'SRI LANKA's TERRORIST'
The bombings in the capital of Sri Lanka, the sad island country off the tip of India, demand a showing of solidarity against terrorism. Sri Lanka is no routine police state. With a government committed to democracy, ethnic harmony and social justice, it has sought to provide political space for minority Tamil elements to express their very real grievances. It has also tried to restrain the human rights abuses that it has been drawn into by the familiar brutalizing rigors of civil war. For the government's pains, the so-called Tamil Tigers - a guerilla group representing the most radical, independence seeking slice of Tamil nationalism sent a suicide squad to Colombo for an assault on the Central Bank. The gang got only to the gate, but it killed more than 70 innocent people.
At Jaffna in December the government, dominated by the mostly Buddhist Sinhalese majority, had won what it chose to celebrate as a turning point victory in its 12-year struggle against insurgents of the mainly Hindu Tamil minority. President Chandrika Kumaratunga promptly offered the Tigers amnesty and a dialogue if they would accept a "substantial surrender of arms" and her proposals for devolution of power to regional councils. Enough moderate Tamils showed favor for this package to allow outsiders to believe that it was a reasonable offer. To the tigers, however, that may have been proof of its disqualification. Their leader rejected the government package. The bombings in Colombo followed.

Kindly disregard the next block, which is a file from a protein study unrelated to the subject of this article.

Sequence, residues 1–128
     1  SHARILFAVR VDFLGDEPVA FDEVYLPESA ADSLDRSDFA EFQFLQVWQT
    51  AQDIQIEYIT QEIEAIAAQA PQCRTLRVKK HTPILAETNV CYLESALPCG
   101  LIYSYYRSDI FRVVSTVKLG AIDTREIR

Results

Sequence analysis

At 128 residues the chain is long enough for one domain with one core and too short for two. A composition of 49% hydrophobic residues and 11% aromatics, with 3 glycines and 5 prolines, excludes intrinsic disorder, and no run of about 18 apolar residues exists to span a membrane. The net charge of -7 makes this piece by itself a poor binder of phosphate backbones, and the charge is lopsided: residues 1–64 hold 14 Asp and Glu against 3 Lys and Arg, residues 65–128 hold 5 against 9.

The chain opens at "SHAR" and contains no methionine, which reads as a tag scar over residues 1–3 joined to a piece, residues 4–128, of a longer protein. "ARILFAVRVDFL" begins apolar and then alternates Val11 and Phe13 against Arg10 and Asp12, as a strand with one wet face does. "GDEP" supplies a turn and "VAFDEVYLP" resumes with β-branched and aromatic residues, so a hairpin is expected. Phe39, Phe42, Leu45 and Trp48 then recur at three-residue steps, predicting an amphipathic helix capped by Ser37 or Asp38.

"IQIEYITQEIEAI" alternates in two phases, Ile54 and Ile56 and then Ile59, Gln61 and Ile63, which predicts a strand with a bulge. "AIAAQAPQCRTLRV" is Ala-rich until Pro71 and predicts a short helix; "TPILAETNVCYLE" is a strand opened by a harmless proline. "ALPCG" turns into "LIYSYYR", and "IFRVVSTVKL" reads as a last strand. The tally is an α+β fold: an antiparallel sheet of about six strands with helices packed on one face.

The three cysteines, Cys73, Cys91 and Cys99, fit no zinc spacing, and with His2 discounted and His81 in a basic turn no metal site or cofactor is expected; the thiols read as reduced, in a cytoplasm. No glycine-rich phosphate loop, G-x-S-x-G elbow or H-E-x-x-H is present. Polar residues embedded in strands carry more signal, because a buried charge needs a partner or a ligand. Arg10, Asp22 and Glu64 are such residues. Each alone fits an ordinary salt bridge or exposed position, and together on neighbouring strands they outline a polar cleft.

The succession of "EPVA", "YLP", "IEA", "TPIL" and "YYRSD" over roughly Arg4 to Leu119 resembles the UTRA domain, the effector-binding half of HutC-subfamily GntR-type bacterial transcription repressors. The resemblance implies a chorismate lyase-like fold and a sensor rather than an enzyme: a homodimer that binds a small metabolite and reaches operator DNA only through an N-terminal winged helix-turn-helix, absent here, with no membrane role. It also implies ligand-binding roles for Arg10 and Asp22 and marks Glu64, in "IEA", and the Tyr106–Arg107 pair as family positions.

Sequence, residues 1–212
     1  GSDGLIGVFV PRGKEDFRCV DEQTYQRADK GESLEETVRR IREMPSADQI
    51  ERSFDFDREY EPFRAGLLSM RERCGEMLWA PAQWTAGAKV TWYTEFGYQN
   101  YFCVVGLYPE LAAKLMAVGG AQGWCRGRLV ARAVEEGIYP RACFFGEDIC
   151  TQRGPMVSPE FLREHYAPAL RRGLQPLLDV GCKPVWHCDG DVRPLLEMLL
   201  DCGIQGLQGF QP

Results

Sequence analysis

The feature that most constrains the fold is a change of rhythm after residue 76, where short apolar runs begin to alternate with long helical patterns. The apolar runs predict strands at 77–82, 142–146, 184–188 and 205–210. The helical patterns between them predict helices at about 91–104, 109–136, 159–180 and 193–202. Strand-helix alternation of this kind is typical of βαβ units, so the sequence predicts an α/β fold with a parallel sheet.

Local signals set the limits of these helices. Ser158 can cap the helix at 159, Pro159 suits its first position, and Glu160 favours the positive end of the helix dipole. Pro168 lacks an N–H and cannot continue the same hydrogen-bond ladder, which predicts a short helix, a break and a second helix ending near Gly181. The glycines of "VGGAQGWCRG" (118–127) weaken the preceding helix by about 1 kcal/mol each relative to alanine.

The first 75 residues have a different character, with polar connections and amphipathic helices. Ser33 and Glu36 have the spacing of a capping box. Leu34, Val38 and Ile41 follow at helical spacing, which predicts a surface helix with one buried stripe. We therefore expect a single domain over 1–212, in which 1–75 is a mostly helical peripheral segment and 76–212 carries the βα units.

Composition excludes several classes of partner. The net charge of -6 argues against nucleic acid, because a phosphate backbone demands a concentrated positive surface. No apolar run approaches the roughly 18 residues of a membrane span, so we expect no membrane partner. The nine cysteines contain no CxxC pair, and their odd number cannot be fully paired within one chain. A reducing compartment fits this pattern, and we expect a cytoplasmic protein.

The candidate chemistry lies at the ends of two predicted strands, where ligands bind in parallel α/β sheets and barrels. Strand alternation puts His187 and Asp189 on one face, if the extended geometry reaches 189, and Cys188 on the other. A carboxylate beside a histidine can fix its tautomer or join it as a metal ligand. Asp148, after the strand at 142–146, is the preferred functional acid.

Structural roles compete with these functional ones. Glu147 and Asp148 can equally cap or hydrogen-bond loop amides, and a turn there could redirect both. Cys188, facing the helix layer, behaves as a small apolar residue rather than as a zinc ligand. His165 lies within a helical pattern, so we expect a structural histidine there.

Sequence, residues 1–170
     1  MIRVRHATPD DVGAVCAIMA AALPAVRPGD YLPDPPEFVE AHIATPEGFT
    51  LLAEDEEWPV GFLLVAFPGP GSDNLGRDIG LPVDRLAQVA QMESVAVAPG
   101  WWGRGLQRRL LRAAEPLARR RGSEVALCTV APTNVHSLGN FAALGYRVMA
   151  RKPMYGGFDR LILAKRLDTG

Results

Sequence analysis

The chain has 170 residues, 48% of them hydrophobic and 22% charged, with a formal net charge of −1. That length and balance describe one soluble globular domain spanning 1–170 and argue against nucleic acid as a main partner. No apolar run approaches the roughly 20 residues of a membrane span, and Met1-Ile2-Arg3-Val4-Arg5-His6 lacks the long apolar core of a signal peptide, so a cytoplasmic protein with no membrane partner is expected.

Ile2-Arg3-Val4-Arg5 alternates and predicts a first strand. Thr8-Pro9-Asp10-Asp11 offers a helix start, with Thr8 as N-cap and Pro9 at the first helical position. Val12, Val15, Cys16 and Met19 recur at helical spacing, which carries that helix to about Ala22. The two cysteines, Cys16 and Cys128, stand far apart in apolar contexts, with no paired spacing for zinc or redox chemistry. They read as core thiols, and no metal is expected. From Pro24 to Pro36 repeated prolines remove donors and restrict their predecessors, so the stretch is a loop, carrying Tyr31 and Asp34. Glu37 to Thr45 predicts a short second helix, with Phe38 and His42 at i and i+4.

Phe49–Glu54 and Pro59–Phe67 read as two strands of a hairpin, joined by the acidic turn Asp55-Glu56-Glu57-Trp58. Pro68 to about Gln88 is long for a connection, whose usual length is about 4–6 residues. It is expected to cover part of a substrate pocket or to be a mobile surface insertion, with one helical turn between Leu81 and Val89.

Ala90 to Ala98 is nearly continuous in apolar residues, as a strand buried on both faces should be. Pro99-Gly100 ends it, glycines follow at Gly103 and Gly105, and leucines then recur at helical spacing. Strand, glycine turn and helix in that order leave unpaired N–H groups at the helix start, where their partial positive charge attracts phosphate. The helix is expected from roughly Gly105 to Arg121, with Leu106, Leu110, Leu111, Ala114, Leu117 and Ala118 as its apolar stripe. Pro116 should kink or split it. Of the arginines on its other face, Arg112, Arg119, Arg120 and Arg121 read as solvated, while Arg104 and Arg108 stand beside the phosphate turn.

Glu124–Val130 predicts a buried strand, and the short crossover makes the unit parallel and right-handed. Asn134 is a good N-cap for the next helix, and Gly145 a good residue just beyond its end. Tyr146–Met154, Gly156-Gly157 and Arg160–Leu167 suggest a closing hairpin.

"Negotiate" - this is the familiar advice that outsiders offer the parties in the ethnic and civil wars. It rides on the assumption that the parties are ultimately competent to recognize their self-interest in compromise. Advice like this cracks, however, when the two sides are as far apart as the sovereignty-asserting Sri Lankan government and the independence-demanding Tamil rebels. Then it falls to the United States and others to determine whether the Government offers a serious path to civic peace, whether the insurgents answer responsible and, if war continues, whether the two sides respect its rules.
The sequence that included the explosions in Colombo confirms that the government in Sri Lanka comes much closer to meeting these crucial standards than do the Tamil terrorists. There should be no hesitation in condemning their criminal acts".